New York — The US oil and gas rig count fell 59 to 432 during the week ended April 29, rig data provider Enverus said Thursday, as upstream players continued to idle oil rigs in response to sustained lower crude prices.
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The decline was concentrated almost solely in the number of rigs chasing oil, which fell 56 to 315, while the gas-focused rig count dipped only three to 117.
The total US rig counts has almost been halved since March 11, with rig totals falling 48%, or 403, from 835, in response to a steep decline in crude prices.
Front-month WTI is down nearly 65% from its most recent peak in mid-February, and Platts Midland crude has lost nearly 68% of its value over the same period.
The number of rigs active in the Permian Basin was down 33 at 229 last week, fully 47% lower than during the same period last year.
The Permian has seen rig totals drop by 47% since the first week of March, plummeting 200 rigs from a total 429 rigs.
In the Eagle Ford play, rig counts fell seven week on week to 28, a 66% decline from year-ago. Eagle Ford rig totals are down 65%, or 51 rigs, from 79 total rigs March 4.
Operators idled four rigs in the Williston basin, putting the total there to 28, while the number of rigs active in the Denver-Julesburg play fell by two to nine, down 70% from the same period last year.
Rig counts in Anadarko's SCOOP-STACK basin were down 83% from year-ago levels after a four-rig decline last week put the total count there at 15.
In the eastern part of the country, the Marcellus rig count fell four to 31, and the number of rigs active in the Utica play was again unchanged on week at 10.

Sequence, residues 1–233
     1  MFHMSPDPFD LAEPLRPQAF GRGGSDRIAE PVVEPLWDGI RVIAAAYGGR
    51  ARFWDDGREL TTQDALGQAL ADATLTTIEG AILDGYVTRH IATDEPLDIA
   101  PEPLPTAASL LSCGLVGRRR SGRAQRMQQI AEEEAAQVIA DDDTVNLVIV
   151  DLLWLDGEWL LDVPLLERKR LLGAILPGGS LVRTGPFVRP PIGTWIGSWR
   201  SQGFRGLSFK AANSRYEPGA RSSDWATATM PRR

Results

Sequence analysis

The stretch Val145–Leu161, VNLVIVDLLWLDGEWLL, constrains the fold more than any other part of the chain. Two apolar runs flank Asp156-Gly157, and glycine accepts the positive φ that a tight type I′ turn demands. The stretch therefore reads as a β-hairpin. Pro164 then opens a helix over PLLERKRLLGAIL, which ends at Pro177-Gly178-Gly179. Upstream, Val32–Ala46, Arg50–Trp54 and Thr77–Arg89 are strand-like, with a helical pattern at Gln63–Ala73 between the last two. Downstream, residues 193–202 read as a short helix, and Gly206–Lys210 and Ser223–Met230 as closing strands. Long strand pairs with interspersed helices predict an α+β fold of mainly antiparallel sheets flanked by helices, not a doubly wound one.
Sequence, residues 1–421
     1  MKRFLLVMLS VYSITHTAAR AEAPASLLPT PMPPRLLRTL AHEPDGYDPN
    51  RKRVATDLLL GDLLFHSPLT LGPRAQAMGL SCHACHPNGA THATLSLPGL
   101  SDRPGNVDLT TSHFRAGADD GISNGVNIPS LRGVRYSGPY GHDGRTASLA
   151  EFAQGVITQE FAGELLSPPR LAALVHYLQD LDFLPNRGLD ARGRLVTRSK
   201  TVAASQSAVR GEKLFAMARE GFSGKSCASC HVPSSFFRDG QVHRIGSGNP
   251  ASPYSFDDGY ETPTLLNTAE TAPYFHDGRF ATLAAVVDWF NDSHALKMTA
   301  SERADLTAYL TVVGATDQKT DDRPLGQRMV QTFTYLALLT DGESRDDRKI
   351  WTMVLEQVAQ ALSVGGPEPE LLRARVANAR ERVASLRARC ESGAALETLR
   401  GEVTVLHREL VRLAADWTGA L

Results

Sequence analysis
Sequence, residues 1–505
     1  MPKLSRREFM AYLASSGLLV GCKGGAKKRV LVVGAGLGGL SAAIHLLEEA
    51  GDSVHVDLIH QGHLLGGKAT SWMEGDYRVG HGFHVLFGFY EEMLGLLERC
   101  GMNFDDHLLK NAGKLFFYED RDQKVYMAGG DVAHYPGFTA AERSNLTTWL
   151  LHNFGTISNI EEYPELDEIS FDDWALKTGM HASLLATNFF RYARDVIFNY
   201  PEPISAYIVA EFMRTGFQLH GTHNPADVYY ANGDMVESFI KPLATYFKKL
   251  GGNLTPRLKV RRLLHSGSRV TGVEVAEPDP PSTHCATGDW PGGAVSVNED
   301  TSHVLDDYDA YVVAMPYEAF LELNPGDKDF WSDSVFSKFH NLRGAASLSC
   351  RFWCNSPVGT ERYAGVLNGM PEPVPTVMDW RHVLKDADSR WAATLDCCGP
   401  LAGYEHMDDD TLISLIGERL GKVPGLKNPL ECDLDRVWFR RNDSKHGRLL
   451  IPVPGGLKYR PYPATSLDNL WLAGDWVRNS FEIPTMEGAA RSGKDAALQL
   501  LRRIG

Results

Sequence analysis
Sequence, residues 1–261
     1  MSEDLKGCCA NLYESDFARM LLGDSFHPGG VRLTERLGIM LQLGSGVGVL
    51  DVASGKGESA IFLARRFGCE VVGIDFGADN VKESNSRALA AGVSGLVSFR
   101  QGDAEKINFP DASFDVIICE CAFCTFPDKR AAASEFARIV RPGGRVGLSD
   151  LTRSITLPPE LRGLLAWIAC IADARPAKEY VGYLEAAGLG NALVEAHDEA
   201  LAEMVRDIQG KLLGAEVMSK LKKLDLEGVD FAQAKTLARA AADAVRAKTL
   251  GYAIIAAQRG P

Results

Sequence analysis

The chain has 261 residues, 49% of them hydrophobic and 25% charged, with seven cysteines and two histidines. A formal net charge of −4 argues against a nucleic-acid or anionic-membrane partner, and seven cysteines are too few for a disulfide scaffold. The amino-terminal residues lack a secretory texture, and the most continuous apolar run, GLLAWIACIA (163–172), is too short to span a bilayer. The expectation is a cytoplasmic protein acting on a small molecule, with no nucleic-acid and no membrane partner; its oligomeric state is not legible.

RIG DECLINES LIKELY TO EXTEND
A survey by investment bank Cowen of 83 investors and industry participants found sentiment more bearish on North American activity than is currently reflected by the market.
The US rig count is likely to bottom at around 250-350 land rigs, according to 44% of respondents, down a further 22%-44% compared to the 448 in last Friday's Baker Hughes rig count.
Baker Hughes publishes a separate weekly rig count on Friday applying a different methodology to Enverus data.
As rigs decline, so, too, has production, with operators shutting in low-margin wells.
According to separate estimates, investment bank Tudor Pickering Holt calculates the US' shut-in oil production currently at around 700,000 b/d, while S&P Global Platts Analytics has calculated a figure closer to 800,000 b/d.
Apart from shut-in wells, production could also decline from lack of drilling and rigs that left the field, WTRG president James Williams said.
"If the rig count and [well] completion rates stay at last Friday's level, oil production from shale plays decline over 400,000 b/d in July," he said.
Total US crude production fell 100,000 b/d to 12.1 million b/d during the week ended April 24, US Energy Information Administration data showed Wednesday.
Weekly output was at its lowest level since July 2019 and was down by 1 million b/d from an all-time high of 13.1 million b/d in late March.
US producers need to shut in over 3 million b/d of output over the next two to three months to offset demand declines stemming from the COVID-19 pandemic, according to Platts Analytics.
While upstream operators have slashed capex budgets and rigs counts, compared to March's production level of 8.4 million b/d, US shale oil is expected to decline only 800,000 b/d by year's end and 1.9 million b/d by end-2021.
However, storage constraints are likely to shut in more production in the near term. Storage tanks at Cushing, Oklahoma, are approximately 81% full as of the week ended April 24, an S&P Global Platts analysis shows.